they don't have time to make a social message on wall street. they are looking every day. some of them are my relatives that i have empathy for or feel sorry for because they can't find work. so this is why i'm so passionate when i say, direct your frustration over at the white house because of the failed policies. >> but i bet if i sat down with your family members that you're talking about now and said, how do you feel that nobody in the banking community of america has ever been properly held to account for what they did? they would say it's outrageous? >> well, piers, the problem is multilevel. first of all, i didn't agree with the government bailing out jpmorgan and the big banks on wall streets. i don't believe in too big to fail. secondly, one of the bigger problems that led to this whole thing, are we working on the
right problem, was fannie mae and freddie mac. and because fannie mae and freddie mac was corrupt at the core, you know, two of the people that probably should have gone to jail first, barney frank and chris dodd. because their committees had oversight of fannie mae and freddie mac and it's documented that they turned the other way, put it under the rug. they didn't do their job. >> give me a very quick pie. here's a pie. how much is obama's fault, how much is wall street's a fault, how much is the fault of the people themselves? >> i would say that 50% of it is obama's fault, 25% of it is wall street's fault and 25% of it is the individual's fault. >> that's a straight answer, from a politician. >> i'm not a politician. >> thank you for reminding me. i need a break to recover from that honest answer from a near politician. when we come back, i want to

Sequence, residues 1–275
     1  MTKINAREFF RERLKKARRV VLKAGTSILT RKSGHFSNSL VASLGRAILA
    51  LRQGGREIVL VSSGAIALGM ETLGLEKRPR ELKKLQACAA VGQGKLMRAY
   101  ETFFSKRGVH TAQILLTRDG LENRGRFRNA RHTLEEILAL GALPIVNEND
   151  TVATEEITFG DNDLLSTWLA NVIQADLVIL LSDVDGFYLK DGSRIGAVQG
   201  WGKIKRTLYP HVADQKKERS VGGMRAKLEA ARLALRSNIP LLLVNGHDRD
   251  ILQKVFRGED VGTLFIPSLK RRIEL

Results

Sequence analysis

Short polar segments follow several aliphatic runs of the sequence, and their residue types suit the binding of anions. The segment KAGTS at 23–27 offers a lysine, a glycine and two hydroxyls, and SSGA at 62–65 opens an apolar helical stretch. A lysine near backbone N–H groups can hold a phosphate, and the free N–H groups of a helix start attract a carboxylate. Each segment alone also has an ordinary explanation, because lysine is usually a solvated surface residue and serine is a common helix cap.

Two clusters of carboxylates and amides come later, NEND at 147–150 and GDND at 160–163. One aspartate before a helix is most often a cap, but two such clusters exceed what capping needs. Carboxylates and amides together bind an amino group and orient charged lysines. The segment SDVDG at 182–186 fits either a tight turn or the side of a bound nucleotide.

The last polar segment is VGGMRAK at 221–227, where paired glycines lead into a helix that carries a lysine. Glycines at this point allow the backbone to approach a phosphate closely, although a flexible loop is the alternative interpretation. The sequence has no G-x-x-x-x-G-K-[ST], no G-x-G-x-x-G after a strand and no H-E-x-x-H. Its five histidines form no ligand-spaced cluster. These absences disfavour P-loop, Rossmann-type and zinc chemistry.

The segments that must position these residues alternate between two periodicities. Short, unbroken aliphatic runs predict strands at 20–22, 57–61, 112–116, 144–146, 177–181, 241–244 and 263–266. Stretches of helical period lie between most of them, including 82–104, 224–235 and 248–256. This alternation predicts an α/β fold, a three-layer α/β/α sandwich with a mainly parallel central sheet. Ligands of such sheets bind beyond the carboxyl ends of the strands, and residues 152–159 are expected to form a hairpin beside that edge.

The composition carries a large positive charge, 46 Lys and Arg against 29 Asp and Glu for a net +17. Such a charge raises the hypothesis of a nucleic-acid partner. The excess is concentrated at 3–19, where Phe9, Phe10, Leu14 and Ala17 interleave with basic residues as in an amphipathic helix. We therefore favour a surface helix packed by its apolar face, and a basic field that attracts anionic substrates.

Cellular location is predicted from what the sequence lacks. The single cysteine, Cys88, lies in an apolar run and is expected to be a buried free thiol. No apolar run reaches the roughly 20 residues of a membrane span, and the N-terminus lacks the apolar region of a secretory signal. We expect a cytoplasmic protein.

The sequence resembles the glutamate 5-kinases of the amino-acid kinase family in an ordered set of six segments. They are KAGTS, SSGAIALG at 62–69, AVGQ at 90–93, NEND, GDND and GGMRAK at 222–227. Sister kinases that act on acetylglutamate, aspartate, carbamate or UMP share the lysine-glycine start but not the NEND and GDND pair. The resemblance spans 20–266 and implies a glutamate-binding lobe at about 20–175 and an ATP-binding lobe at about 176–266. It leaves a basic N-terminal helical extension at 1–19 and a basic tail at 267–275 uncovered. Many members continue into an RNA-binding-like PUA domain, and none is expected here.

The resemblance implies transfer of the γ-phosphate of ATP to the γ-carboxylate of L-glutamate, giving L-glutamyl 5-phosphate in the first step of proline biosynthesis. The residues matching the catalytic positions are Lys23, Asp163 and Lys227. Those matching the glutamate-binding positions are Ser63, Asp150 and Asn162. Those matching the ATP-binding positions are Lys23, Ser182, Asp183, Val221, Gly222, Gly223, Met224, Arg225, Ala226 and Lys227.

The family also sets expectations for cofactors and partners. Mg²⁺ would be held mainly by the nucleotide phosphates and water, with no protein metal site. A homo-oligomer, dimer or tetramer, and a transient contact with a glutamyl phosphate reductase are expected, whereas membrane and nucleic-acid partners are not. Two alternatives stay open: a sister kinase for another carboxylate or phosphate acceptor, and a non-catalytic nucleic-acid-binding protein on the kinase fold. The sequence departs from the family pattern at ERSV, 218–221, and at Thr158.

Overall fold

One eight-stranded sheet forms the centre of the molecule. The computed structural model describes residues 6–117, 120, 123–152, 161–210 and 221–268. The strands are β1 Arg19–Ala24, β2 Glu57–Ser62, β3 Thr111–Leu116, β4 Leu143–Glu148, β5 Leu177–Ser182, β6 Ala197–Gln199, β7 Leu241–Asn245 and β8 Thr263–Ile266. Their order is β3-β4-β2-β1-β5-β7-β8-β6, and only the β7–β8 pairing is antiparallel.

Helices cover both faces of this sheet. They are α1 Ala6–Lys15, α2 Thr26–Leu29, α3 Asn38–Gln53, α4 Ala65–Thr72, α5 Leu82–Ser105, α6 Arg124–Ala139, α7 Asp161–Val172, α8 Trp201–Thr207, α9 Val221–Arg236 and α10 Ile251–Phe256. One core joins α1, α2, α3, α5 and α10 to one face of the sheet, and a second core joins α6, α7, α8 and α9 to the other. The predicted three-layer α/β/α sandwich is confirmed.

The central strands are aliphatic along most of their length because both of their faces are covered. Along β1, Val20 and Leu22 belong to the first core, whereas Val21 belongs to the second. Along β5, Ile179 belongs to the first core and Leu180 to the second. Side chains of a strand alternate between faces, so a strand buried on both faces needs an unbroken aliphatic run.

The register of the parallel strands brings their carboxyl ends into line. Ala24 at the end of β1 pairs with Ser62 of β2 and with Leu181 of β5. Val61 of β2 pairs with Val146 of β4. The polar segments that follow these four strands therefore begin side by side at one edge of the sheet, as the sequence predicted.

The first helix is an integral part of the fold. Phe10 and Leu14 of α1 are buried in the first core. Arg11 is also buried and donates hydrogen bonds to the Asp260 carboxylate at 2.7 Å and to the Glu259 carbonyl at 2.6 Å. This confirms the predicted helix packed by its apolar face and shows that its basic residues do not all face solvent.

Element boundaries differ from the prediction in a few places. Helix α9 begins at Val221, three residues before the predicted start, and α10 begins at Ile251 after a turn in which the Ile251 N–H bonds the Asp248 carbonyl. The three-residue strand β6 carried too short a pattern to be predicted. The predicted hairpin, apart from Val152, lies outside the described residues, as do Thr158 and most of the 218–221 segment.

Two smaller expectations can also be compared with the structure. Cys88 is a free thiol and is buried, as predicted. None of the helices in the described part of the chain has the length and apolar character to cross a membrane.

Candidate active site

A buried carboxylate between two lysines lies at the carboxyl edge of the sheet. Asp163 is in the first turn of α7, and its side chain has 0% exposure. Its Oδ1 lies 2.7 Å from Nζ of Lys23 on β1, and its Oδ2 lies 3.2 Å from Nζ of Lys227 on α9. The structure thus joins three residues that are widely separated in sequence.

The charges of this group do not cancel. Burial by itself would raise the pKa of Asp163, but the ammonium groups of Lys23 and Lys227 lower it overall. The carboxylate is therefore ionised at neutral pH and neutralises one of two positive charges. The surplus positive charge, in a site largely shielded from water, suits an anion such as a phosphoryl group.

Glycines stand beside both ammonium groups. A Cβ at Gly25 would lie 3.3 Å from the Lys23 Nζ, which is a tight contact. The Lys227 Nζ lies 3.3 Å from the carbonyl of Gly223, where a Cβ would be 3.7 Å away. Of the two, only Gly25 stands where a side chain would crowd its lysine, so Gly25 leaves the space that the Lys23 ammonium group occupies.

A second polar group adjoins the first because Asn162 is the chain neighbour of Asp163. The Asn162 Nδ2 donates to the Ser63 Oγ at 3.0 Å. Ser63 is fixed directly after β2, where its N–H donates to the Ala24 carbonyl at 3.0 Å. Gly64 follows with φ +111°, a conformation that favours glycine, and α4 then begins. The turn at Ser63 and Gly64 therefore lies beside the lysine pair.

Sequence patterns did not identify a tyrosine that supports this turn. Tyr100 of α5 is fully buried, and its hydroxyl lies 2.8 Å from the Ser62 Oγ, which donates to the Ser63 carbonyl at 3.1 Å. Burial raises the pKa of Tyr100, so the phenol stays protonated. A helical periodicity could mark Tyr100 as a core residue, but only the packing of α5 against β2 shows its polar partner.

it's going to be the problem solver who fixes versus the president who has not fixed anything in this country. >> back with herman cain, i want to get your personal views, is the all encompassing theme of this subject. first of all, let's talk about homosexuality. is that wrong? do you think it's a sin? >> i think it's a sin because of my biblical beliefs and although people don't agree with me, i think it's a personal choice. >> you believe that? >> i believe that. >> you think people sit at home and say, i want to be homosexual? >> i'm going to turn it around on you. what does science show? show me evidence other than opinion and you might cause me to reconsider that. >> the idea that -- >> where is the evidence? >> you're a commonsense guy.